SANITARY CONDITION OF SAINT MARY, ISLINGTON,
FOR OCTOBER, 1861.
Two hundred and twenty-three deaths were registered during the
four weeks of October, an excess of 19 over the corrected mean
mortality of the month in the previous five years. The cause of this
excess has been mainly in certain chronic forms of disease—consumption,
cancer, and diseases of the heart.
The zymotic mortality, speaking in general terms, has been below
the average, and also altogether lower than it was in September. One
disease however shows a remarkable increase, both in cases and in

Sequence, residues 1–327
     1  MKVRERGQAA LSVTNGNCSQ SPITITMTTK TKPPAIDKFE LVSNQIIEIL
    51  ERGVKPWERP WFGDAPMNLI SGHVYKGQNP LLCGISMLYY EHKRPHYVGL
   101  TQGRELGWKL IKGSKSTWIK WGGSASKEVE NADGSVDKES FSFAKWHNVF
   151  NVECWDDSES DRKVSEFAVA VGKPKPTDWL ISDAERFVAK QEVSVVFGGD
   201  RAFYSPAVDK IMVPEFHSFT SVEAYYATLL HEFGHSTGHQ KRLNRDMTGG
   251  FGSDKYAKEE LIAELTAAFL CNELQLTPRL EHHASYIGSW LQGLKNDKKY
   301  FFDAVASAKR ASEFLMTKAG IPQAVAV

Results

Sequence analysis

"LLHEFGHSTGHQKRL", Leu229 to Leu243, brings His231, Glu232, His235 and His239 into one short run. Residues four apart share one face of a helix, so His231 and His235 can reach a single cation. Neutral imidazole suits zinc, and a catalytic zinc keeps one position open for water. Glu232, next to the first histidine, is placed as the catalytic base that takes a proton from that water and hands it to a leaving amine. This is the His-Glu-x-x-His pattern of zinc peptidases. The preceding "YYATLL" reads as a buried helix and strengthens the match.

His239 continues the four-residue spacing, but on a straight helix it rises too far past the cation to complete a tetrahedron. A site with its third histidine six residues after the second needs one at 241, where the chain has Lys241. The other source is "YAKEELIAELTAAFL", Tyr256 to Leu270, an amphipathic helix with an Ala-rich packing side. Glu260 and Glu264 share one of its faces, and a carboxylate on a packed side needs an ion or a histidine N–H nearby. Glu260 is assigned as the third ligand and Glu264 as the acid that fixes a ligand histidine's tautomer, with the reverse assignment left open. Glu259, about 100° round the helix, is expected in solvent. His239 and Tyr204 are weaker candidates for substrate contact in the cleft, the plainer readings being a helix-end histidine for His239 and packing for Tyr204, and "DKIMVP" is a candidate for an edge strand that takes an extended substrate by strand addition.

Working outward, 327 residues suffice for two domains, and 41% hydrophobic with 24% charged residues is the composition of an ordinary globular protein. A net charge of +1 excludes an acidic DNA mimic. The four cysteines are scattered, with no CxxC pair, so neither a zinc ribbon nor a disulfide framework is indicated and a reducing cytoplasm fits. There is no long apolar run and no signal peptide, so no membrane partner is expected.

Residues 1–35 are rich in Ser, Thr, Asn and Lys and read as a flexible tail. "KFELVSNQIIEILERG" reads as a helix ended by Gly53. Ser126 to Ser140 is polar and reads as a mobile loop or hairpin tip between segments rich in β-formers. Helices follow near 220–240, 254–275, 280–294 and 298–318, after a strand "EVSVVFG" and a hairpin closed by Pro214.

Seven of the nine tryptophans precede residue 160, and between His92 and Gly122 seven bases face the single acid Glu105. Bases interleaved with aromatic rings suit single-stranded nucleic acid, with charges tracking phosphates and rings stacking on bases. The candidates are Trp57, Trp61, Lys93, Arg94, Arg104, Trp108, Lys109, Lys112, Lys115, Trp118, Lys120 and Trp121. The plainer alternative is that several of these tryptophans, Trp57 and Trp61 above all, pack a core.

mortality; this is scarlet fever—the number of cases in which it
has been fatal during the month is 28, the weekly numbers being
6-3-11-8. On referring to tables of former years, it will be found that
in October 1858, the number of fatal cases was 25; in 1857, 27; and
again, 27 last year. In one family, in a highly respectable street,
where five children were from a most trivial exposure simultaneously
attacked, two died within the first two days from the primary shock of
the malady. In another family, in a neighbouring house, there have
also been two deaths. Two deaths have occurred at a house in Milton's
Yard, and one from subsequent dropsy at the Infant Poor-house. No
fresh cases have occurred in this establishment.
The weekly cases of scarlatina in the practice of the parochial
medical officers and dispensaries have been 13-9-14-12. The dropsy,